— History of the American Negro in the Great World War • W. Allison Sweeney

... of what once was a harem. On returning to the steamer one gentleman fell overboard and, swimming to the shore, was rescued by a swarthy ruffian who robbed him of his watch and disappeared in the darkness. When the victim of Algerian piracy stood on the deck, dripping and indignant, and told his tale of woe, we were delighted. Algiers would always be something to remember. It was one of the places ...
— Humanly Speaking • Samuel McChord Crothers

... Fred, now losing all control of himself. "It wasn't a trade at all! It's piracy! It's highway robbery! It was a barefaced swindle, ...
— The High School Boys' Canoe Club • H. Irving Hancock

... from the ravages of the late pestilence, before it was called upon (24 July, 1350) to furnish two ships to assist the king in putting down piracy. These were accordingly fitted out; the ship of Andrew Turk being furnished with 40 men-at-arms and 60 archers, whilst that of Goscelin de Cleve had on board 30 men-at-arms and 40 archers.(560) With their aid, Edward succeeded in utterly ...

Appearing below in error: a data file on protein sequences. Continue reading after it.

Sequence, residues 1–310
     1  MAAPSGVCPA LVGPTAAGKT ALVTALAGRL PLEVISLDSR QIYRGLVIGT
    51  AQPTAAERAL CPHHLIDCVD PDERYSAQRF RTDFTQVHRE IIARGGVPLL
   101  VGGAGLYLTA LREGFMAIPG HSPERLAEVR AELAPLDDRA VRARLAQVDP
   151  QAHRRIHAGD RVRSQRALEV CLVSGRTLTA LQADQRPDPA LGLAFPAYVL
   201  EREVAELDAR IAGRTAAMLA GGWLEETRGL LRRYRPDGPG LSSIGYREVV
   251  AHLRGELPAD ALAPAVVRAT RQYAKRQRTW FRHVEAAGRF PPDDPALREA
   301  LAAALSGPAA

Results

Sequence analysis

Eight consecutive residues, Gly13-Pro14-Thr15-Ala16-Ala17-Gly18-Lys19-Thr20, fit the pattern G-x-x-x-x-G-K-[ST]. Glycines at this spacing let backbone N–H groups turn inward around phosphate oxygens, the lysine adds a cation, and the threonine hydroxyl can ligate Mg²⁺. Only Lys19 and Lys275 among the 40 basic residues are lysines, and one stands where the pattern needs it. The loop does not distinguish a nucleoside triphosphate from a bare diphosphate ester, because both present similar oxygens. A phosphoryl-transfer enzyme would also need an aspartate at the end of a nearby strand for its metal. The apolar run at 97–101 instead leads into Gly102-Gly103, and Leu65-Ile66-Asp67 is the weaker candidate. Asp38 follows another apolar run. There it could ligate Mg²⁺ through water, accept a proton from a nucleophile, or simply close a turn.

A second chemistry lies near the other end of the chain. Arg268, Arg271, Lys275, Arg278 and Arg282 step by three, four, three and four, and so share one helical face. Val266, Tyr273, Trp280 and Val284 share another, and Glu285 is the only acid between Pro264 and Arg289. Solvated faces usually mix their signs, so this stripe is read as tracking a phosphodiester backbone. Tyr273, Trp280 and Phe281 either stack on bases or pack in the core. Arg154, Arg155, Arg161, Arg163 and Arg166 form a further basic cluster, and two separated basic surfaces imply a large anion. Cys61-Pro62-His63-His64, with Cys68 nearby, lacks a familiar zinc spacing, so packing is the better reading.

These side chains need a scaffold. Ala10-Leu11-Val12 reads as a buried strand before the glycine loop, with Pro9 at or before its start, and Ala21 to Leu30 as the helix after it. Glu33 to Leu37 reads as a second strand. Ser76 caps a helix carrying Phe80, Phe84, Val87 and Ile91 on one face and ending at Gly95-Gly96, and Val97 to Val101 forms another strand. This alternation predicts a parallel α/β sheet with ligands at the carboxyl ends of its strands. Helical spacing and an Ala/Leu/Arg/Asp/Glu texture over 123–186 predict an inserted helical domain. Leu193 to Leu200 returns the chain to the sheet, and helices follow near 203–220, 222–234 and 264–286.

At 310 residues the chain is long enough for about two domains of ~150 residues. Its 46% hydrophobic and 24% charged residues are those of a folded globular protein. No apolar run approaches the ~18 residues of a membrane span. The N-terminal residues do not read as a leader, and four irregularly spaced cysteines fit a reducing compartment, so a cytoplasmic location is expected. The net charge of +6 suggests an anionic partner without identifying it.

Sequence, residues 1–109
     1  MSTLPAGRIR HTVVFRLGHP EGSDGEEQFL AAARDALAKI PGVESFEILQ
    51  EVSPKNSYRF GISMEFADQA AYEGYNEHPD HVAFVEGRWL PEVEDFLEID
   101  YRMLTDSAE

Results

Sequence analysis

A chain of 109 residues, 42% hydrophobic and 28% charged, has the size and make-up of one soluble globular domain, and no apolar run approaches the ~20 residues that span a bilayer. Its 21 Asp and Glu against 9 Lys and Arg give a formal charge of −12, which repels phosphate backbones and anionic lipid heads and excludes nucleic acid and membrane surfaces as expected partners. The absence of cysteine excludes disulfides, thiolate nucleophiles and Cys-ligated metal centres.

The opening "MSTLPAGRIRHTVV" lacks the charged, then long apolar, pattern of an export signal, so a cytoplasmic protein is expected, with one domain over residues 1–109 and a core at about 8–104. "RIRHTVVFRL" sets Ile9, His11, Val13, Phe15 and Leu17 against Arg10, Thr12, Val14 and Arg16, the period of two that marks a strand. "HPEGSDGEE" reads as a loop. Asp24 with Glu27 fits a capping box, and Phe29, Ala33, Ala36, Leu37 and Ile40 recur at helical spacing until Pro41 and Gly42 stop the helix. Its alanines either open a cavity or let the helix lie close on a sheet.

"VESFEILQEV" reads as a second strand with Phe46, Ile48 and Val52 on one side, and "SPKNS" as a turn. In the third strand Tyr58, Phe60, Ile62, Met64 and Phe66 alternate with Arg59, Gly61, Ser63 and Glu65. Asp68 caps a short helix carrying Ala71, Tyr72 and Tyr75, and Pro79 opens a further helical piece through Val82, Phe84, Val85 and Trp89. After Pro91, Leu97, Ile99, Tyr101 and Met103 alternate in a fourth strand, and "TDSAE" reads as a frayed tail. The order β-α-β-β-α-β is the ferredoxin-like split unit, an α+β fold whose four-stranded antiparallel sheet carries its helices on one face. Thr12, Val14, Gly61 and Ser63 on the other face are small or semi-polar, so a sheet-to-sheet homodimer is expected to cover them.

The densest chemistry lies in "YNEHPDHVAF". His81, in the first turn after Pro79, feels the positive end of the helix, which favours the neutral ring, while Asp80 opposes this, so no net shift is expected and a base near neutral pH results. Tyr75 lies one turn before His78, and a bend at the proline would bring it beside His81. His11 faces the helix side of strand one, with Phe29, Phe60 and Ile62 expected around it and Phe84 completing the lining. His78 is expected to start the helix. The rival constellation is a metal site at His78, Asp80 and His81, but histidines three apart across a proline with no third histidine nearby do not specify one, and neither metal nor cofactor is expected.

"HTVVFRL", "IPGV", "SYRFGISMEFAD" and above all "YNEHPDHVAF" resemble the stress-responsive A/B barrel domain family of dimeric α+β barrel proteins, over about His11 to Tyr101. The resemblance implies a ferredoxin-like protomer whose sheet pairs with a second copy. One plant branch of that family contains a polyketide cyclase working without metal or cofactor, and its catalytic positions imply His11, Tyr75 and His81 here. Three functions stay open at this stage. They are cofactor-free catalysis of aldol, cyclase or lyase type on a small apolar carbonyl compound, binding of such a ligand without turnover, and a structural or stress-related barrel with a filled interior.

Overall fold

— London and the Kingdom - Volume I • Reginald R. Sharpe

... McFadden, and got him. Now, look at it. One woman, no better'n I am, has had the property of eight women and a half, and here I am single and getting on in life, with the chances growing absurdly small. No civilized country ought to tolerate such a thing. It's worse than piracy. You may scuttle a ship or blow her up or run her against the rocks, and no great harm is done, because timber's plenty and you can build another one. But when one woman scuttles three men and then ties to a fourth, what are ...
— Elbow-Room - A Novel Without a Plot • Charles Heber Clark (AKA Max Adeler)

... such request on my part. In the case of many of these books he has no protection, for they are published by others; but he takes the simple ground that he will not sell any of my books without giving me a share in the profit. Such honorable action should tend to make piracy more odious than ever, on both sides of the sea. Other English firms have offered me the usual royalty, and I now believe that in spite of our House of Mis-Representatives at Washington, the majority of the British ...
— Taken Alive • E. P. Roe

... this is an unco ill-looking accusation they hae brought against you; kidnaping and slave-trading, na less—a sort of piracy, ye ken, lad! What hae ...